Sudanese foreign minister Mariam Al-Sadiq Al-Mahdi Reuters
Sudanese Foreign Minister Mariam Al-Sadiq Al-Mahdi said on Monday that the second filling of the Grand Ethiopian Renaissance Dam (GERD) would impact the lives of millions of people in Sudan, the Sudanese foreign ministry stated.
In a meeting with Congolese president and current chairman of the African Union Félix Tshisekedi, the Sudanese foreign minister stressed the importance of reaching a legally binding agreement between Egypt, Sudan and Ethiopia over the filling and operation of the GERD before the start of the second filling in June.
President Tshisekedi told Al-Mahdi that he completely understands Sudan’s position and the country’s clear demands concerning the GERD, and that he would exert efforts to find a solution to the GERD issue in a way that achieves security and stability in the region.
Al-Mahdi arrived in Kinshasa on Sunday in her fourth stop in a tour to discuss the GERD issue with African leaders.
Tensions have mounted in recent weeks after the latest round of trilateral talks in Kinshasa in April failed to produce an agreement to re-launch deadlocked negotiations.
Ethiopia’s rejection of several proposals by Egypt and Sudan on the negotiation mechanism, which includes an international quartet mediation, led to the collapse of the Kinshasa talks.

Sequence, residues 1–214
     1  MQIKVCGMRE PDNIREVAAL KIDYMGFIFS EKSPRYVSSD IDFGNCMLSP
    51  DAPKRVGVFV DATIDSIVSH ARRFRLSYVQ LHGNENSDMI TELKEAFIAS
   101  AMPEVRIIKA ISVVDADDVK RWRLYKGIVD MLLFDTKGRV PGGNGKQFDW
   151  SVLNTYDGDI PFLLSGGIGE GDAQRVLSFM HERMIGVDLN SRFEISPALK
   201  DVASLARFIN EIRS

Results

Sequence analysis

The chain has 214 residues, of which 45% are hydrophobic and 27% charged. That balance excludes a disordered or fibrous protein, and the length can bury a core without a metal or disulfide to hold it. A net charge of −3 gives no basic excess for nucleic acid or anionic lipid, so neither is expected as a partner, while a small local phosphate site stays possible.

The three countries have resorted to diplomacy in recent weeks, briefing regional and international counterparts on their stances and developments on the latest deadlock in negotiations.
All three countries have sent letters to the UN Security Council (UNSC) to clarify their positions with regards to the dam issue, as well as exchange accusations over who is responsible for the collapse of the talks.
Egypt has sent its foreign minister on a six-nation tour in Africa to clarify the country’s stance on the GERD dispute.
Addis Ababa plans to move ahead with the second filling of the dam despite the objections of Egypt and Sudan to the move in the absence of a legally binding deal.
The second filling is meant to amass around 18.4 bcm of Blue Nile water in the GERD reservoir, up from the 4.9 bcm secured during the first filling last year.